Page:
Dust and frayed threads were the dominant features of William Johnson’s clothes. Running for your life was a hard ride. Blair studied Johnson’s sunburned face. His eyes held the pain he inflicted on others. Willy wouldn’t want the life of a prisoner. This was going to end with bullets, but would not be a mercy killing.
“Jonathan Blair,” Willy said as he looked at him from across the room. His quiet voice didn’t attract much attention. Blair heard him only because he was watching him. He took several steps toward Johnson. Neither man moved their hands. Two gripping pistols. Two holding glass.
“The lawman,” Willy said with a dry laugh.
Blair scoffed at the sarcastic remark. But the words caught the attention of the people nearby.
Eyes tired, Blair shot quick glances at the men in the saloon who watched him and Willy. They didn’t recognize Blair from the old wanted posters or the stories in the Denver paper. He was far from a lawman. He was part of Willy’s gang.
Now he was trying to escape the hangman. Blair couldn’t turn down the deal—trade his death sentence for a stay of execution. If he brought in his former gang members, the state and the railroad company would let him go free. It was the railroad company’s idea—let him risk his life to arrest the rest of the gang. The company set the rules and time limit. How they got the judge to agree, Blair didn’t know and didn’t ask. He took the chance of freedom.
The men at the nearby tables got up and moved, which brought everyone’s attention to the pair of old friends.
“Trying to save your hide or your soul?” Willy asked.
“My soul’s not worth saving,” Blair said. “But I ain’t ready to die.”
“So, you’re here to kill me instead,” Willy said. “You think I need killing?”
Blair took a step within reach of the chair on his side of the table. “No one needs killing. Death just has a way of finding those who taunt it.”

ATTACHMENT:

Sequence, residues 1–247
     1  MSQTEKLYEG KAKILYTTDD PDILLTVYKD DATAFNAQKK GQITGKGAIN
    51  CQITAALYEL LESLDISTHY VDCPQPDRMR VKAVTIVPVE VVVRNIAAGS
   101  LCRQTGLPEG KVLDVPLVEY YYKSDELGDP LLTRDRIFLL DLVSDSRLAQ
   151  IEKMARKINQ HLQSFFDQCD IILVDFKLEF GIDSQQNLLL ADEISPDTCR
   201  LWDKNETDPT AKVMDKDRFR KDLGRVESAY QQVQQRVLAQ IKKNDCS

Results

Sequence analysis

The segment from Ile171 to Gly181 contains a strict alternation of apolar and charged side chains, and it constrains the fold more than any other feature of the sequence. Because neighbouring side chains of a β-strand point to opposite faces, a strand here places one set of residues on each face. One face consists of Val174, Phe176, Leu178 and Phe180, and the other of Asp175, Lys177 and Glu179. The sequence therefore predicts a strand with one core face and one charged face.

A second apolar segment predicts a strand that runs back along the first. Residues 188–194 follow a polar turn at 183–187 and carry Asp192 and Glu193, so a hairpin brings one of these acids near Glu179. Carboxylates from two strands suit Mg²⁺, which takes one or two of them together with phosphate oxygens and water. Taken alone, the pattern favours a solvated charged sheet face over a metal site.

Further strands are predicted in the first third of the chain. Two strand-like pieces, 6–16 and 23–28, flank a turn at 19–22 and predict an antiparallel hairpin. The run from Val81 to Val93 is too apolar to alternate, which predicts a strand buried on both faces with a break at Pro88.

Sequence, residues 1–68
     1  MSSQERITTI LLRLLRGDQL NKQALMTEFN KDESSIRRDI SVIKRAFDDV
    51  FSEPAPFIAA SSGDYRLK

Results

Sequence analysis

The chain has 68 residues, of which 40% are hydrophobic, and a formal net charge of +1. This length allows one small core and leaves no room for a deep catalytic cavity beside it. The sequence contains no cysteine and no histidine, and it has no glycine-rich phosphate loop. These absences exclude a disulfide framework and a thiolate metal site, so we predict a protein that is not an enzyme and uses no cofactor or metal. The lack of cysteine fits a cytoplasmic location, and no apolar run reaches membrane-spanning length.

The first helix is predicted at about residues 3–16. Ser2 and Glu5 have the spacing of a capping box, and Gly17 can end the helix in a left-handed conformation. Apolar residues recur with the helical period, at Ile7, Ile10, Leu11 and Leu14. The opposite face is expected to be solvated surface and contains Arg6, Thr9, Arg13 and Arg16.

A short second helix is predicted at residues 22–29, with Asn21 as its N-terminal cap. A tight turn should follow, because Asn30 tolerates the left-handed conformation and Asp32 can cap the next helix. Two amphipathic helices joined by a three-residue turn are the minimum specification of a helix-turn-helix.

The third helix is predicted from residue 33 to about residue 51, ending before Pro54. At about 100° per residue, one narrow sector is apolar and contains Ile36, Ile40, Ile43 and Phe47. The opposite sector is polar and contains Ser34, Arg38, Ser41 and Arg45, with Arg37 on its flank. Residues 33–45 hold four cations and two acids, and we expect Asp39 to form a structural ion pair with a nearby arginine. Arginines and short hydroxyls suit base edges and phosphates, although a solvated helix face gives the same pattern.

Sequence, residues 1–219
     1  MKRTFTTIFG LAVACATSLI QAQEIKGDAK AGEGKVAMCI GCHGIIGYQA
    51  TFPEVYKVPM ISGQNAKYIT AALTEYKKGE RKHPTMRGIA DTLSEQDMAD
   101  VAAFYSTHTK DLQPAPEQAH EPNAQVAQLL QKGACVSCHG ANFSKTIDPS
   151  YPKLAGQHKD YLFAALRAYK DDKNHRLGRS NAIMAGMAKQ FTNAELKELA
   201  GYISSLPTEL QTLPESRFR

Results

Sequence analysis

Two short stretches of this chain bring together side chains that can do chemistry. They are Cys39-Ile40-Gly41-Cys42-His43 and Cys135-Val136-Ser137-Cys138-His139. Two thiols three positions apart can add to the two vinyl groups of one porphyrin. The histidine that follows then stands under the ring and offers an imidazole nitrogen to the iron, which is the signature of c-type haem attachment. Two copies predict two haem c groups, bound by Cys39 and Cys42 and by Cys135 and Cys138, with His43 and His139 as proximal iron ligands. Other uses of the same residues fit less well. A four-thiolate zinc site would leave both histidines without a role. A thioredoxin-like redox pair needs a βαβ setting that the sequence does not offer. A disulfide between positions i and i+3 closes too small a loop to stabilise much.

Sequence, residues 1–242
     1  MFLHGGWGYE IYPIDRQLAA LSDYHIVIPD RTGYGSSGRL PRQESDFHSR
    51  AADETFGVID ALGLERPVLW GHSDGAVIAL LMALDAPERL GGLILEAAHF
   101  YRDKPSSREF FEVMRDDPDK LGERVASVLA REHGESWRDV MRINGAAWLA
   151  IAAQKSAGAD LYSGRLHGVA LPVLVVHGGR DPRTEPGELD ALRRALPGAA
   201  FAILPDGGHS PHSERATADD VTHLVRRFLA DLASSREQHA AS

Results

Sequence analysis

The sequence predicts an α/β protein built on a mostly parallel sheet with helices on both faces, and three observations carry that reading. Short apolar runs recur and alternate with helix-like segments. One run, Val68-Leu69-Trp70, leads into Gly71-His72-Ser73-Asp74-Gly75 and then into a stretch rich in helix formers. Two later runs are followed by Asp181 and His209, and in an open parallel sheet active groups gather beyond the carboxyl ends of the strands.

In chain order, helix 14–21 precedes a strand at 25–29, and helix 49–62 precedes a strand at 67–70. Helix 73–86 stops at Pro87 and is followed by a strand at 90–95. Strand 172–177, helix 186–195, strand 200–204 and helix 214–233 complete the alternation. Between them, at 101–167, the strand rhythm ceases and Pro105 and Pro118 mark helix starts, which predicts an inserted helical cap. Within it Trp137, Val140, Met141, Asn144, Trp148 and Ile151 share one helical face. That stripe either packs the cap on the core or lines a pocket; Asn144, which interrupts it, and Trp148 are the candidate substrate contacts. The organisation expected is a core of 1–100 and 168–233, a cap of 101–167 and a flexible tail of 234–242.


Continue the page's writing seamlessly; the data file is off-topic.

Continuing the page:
Willy grinned big. “We’ve done more than taunt death.” He slowly lifted the bottle of whiskey and poured two shots. He cautiously slid one shot glass toward Blair, then raised his own, leaving a third empty glass on the table.
Blair picked up the shot glass with his coarse fingers.
“To old friends,” Willy said.
Blair nodded and lifted the glass to his nose. He inhaled—vanilla, oak and grain filled his senses with pleasure. The aroma tempted him, but he set the full shot glass back on the sweat and whiskey stained table.
Willy frowned. “Too good to drink with me now?”
“It’s not like that.” Blair said. “Haven’t had any since I left… left the gang.”
“You mean since you ran out on us in Mexico.” Willy emptied his glass. “What scared you so bad you took off like a little girl?”
The question struck Blair like a bullet. Willy’s hateful words didn’t burn, but the memory those words evoked—a scar from a forgotten wound.
As kind as Willy had been at times, he was a mean son of a bitch. All of them were. Willy’s brothers were worse. He’d already dealt with Bart. And he wouldn’t have to worry about Cliff until he got out of prison. If he got out, which was unlikely to happen.
But I’m out, aren’t I?